3 Ways Science Says Cat GIFs Are Good for You

We've all been guilty of it. Clicking through a celebrity mugshots gallery for what felt like a minute — but was actually 15. Losing a good chunk of the afternoon to the Google image search results for "wedding dress trends." Staying up 'til the wee morning hours to scope out foot tattoo inspiration on Pinterest. (See also: 10 Ways You're Wasting Time Without Realizing It)

Looking at cat GIFs and other photos on the Internet can be the ultimate time suck. But science says this guilty pleasure also comes with a few perks. Read on for our roundup of the benefits of having an affinity for grumpy cat photos and the like.

1. It Can Make You More Productive at Work

There's no need to feel guilty if you typically spend your coffee break checking out the panda cam at The National Zoo. As it turns out, those images of fuzzy panda bears are not only improving your mood, they're skyrocketing your work productivity, too. Research out of Japan's Hiroshima University shows that looking at pictures of exotic baby animals and cute kittens on the Internet can actually bolster attention to detail and ability to focus.

Chalk it up to the cuteness factor: When we look at images that are overwhelmingly adorable, it triggers an instant mood boost in our brains. That jolt of positivity taps into our nurturing instincts, making us more attentive — and therefore more productive on the job.

2. It Can Make You Happier

A British study found that there are more photos of felines circulating the Internet than anything else. The reason for this unparalleled cat fascination, according to the research, is this: Pictures of funny, cute, and even grumpy cats make us smile. "The Internet cat Hall of Fame features grumpy, affectionate, keyboard playing, surprised, talking, and angry cats," says Daniel Fisher, chief operating officer at Viral Spiral, which helped carry out the research. "And it's all about making people laugh, with humour winning over cuteness. The vast majority of cat videos online are cute, but the superstars are the ones who are hilarious, make us smile, and want to share with our friends and followers."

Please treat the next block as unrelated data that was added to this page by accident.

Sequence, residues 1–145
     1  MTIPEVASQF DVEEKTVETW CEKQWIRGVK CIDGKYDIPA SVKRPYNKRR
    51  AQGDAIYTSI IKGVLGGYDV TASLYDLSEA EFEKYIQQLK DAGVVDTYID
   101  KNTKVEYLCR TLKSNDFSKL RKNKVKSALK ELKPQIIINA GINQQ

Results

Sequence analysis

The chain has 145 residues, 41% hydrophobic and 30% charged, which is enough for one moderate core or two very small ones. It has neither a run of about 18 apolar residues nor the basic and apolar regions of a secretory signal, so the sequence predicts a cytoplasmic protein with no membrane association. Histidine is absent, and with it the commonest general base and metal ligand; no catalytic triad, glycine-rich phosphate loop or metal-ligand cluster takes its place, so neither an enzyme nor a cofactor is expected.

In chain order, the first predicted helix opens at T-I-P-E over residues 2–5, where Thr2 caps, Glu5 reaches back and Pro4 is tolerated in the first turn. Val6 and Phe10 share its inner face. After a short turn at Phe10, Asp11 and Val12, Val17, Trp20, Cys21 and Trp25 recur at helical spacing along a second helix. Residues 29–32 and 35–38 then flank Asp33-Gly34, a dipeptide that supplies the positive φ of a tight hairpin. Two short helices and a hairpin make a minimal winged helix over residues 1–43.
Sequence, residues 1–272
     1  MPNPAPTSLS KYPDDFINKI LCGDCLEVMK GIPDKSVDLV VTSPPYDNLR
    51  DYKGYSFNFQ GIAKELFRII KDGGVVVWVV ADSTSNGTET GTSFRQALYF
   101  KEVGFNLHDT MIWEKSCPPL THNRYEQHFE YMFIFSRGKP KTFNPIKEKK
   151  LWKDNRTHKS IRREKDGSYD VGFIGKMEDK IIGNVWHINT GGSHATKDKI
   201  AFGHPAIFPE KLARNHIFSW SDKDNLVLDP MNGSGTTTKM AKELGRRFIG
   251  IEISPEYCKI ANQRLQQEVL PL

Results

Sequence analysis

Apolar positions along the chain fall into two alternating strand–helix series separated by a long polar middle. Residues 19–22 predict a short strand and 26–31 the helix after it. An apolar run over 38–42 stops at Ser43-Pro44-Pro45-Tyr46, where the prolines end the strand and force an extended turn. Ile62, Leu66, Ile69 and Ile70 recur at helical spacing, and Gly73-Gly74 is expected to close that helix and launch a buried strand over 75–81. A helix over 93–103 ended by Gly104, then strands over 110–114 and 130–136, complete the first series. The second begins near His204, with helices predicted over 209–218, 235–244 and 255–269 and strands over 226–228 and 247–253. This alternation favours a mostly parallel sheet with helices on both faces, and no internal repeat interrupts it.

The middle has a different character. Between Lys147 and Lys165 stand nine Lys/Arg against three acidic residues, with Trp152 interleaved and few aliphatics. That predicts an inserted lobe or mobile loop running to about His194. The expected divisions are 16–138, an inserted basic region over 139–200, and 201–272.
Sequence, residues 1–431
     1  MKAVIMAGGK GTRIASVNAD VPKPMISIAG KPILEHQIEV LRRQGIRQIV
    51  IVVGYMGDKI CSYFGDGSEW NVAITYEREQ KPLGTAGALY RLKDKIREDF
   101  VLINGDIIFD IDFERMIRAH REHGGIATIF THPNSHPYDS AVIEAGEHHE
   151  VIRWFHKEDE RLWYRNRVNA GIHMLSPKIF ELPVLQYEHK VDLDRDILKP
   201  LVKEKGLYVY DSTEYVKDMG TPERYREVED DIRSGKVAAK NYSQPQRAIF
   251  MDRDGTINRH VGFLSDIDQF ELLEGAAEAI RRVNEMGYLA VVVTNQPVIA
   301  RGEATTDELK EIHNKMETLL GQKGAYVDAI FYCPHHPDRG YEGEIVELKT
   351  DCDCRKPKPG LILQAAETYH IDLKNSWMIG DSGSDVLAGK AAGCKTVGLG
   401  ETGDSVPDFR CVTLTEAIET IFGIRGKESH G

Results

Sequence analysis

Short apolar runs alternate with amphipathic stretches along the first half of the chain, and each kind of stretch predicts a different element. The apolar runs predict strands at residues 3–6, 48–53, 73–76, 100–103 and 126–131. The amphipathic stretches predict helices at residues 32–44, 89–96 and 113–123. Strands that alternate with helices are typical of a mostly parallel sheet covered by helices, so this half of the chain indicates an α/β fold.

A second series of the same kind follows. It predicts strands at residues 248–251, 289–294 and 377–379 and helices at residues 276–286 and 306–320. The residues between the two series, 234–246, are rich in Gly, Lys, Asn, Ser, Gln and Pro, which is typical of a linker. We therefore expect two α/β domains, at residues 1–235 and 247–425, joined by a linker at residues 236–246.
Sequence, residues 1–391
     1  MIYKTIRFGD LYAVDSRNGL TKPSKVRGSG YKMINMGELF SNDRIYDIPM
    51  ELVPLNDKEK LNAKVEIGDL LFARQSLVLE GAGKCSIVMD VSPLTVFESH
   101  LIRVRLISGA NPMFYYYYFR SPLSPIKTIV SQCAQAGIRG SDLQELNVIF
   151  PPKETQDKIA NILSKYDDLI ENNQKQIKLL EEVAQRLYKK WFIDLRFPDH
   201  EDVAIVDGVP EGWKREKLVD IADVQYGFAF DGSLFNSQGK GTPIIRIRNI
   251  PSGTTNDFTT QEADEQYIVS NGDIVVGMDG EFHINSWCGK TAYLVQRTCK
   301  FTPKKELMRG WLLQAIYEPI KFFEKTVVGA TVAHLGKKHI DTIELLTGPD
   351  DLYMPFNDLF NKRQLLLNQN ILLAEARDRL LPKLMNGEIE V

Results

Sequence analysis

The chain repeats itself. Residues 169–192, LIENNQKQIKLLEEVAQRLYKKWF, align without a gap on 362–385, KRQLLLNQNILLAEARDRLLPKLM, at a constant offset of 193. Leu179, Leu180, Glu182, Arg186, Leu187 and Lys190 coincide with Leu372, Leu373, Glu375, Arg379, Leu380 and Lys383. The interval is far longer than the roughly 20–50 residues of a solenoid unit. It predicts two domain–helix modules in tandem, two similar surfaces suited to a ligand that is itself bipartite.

3. It Can Help You Understand Complex Ideas

Sure, you could read about the political unrest and violence erupting in the Ukraine as a result of the conflict between pro-Russian separatists and the Kiev government. But research shows you might better understand the complexities and humanity of the situation by instead viewing a journalistic photo essay about it, or maybe the Instagram feed of a reporter who's documenting the story with smartphone images. That's because, more than words, images help us comprehend complex information, be it about a foreign conflict, the art of assembling a dollhouse, or the anatomy of the human brain.

"Processing print isn't something the human brain was built for," said Marcel Just, Director of the Center for Cognitive Brain Imaging at Carnegie Mellon University. "The printed word is a human artifact. It's very convenient and it's worked very well for us for 5,000 years, but it's an invention of human beings. By contrast Mother Nature has built into our brain our ability to see the visual world and interpret it."

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